When (not if) AutoCAD needs to be re-installed, what do you do to hold onto your settings? Of course, you have your template (.DWT), and perhaps you have created a Profile (See October 2003). But what about all the system variables?
There's a routine called VARS2SCR that automatically gathers all your AutoCAD variables (Registry variables as well as Drawing-specific) and creates a .SCR file. Since the drawing-specific variable are also gathered at this time (such as FILLETRAD and TEXTSIZE), you will want to configure those first. For a list of most of the variables this routine captures, if you have AutoCAD 2004 thru A2007, go to
What do you do when you need to get a drawing to someone electronically who doesn't have AutoCAD? There are numerous solutions, including the creation of a DWF (Design Web Format) as well as the new AutoCAD 2007 DWG To PDF feature that lets you create a PDF from a DWG…
you heard it here first!
But I digress…
There's a routine called WMFOUT that creates a WMF file that is extremely clear and creates a very small file; much smaller than the other available raster image formats generated using JPGOUT, TIFOUT, and BMPOUT. The downside is that you need to select objects and that tosses out the ability to use it in a layout. Nonetheless, it's a great alternative when you want to simply capture objects in a drawing and paste them into Word.
Here's an example WMF for you to try: stair.wmf - right-click and select "Save Target As…" to download ("Save Link As…" if you're using Firefox).
Have you ever been working along and wrote down the steps to do something and thought, "Ooh, I have to make sure I pass that along"? I was training the wonderful design team from the Madison & Milwaukee offices of Interior Investments when I put something on the board that is a great tip when using the tool palette.
Scenario: Someone sends you a drawing and in that drawing you see a really cool block that you would like to add to you tool palette.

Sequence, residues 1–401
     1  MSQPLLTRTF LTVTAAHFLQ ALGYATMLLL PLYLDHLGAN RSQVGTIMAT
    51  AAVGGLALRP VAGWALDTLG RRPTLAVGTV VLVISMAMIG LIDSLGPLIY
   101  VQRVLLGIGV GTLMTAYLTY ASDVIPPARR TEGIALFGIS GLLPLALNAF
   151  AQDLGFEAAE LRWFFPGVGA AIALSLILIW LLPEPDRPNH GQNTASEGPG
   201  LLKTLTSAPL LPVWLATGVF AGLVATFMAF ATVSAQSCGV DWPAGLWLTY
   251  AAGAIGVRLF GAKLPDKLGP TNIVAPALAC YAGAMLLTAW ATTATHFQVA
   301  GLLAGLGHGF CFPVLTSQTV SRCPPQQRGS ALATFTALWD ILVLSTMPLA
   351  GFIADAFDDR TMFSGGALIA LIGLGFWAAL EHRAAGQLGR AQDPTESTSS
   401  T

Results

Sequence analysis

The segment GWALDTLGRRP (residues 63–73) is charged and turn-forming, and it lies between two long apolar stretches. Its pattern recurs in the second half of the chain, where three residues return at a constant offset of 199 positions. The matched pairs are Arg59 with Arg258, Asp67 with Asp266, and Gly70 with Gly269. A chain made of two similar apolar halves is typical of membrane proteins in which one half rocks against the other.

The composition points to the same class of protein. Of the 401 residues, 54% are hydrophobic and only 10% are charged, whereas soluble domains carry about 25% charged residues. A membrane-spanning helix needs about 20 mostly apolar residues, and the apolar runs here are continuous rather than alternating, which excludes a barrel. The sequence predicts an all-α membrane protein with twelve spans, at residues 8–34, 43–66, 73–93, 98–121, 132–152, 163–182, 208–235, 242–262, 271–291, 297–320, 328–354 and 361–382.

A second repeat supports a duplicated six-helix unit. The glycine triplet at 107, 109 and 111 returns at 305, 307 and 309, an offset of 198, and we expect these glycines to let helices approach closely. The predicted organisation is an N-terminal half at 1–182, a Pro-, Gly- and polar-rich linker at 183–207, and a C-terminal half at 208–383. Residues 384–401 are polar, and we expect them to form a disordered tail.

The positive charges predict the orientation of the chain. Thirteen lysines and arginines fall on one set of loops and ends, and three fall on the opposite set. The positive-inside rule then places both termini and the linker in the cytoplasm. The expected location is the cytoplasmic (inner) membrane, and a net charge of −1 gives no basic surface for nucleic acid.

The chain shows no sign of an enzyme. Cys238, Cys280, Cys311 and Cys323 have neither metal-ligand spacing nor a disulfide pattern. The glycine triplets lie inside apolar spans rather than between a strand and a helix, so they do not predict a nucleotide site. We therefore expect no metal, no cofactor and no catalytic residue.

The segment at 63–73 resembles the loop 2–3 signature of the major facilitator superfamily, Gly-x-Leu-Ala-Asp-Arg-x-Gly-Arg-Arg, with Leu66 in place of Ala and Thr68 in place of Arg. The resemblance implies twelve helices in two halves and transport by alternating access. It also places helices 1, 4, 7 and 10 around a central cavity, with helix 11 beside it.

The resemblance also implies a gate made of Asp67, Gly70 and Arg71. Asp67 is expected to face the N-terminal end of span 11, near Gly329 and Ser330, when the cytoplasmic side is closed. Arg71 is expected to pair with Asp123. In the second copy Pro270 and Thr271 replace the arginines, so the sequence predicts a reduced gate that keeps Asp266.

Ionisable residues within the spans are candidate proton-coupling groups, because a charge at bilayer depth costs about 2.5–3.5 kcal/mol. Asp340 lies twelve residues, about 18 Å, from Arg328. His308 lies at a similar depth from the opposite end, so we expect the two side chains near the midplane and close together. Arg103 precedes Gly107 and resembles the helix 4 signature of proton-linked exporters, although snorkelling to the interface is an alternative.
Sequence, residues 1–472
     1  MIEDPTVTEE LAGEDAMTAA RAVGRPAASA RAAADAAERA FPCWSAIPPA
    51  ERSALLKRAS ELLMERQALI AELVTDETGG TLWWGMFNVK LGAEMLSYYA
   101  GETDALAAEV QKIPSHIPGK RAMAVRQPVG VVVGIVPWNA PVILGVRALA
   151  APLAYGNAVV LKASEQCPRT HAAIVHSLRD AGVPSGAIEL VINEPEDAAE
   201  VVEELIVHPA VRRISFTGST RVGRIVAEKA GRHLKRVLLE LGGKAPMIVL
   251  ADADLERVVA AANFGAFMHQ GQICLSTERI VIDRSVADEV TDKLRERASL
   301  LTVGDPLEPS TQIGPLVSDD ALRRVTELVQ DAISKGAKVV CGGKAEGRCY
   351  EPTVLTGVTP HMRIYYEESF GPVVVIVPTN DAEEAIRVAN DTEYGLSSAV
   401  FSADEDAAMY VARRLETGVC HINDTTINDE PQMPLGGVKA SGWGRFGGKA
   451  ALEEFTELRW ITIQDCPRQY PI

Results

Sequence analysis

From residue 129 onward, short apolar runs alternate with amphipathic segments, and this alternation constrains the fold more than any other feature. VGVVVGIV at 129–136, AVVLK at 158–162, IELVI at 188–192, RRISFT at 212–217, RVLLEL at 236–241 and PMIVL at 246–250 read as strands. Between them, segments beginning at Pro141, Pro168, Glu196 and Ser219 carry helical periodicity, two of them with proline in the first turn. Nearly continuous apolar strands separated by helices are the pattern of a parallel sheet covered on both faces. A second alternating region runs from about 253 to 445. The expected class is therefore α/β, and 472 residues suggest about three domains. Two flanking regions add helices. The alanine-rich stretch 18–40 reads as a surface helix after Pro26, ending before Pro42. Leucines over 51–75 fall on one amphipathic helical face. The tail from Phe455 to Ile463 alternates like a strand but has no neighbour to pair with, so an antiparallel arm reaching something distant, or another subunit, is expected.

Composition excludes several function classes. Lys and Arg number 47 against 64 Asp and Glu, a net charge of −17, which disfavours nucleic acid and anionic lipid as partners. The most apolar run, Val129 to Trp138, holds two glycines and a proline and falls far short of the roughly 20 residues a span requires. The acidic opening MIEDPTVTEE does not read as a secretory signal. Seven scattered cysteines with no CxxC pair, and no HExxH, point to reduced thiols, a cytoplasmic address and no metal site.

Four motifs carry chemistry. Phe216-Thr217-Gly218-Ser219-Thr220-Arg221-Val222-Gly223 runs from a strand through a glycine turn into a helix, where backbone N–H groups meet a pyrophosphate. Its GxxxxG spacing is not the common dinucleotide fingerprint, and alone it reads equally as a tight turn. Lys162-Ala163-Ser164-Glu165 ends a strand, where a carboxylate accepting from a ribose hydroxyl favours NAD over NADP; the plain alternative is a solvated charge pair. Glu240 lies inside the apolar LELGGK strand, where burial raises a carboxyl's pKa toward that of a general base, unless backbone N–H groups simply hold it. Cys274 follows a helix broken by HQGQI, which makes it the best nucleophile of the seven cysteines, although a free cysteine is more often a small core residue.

Problem: If you drag and drop that block directly onto your palette from the drawing (A2005 & A2006 only; A2004 users have to do it from DesignCenter), you have established that drawing as the "source drawing" for the block. If the drawing is renamed, archived, or deleted, the block on your palette is… "toast" (I put that in for my friend in Sao Paulo).
Suggestion: Don't drag anything onto your palette from a drawing that you can't keep track of. Put it in a drawing you have dedicated as a source drawing for all your blocks. Let's say you have one called Block_Source.dwg…
Taxi! To become one of the nearly 24,000 taxi drivers in London, you need to master The Blue Book, the single manual for a course that takes between 2 and 4 years to complete. (You have a whole new appreciation for those mates now, don't you?)
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Note from Michael: I want to thank all of my customers for continuing to retain my training services (some for over two decades!) and let you know your donations do not go to me personally, but to the ongoing maintenance of the CADTutor ship as a whole and to support the yeoman efforts of my friend and CADTutor captain, David Watson, to whom I am grateful for this monthly opportunity to share a few AutoCAD insights.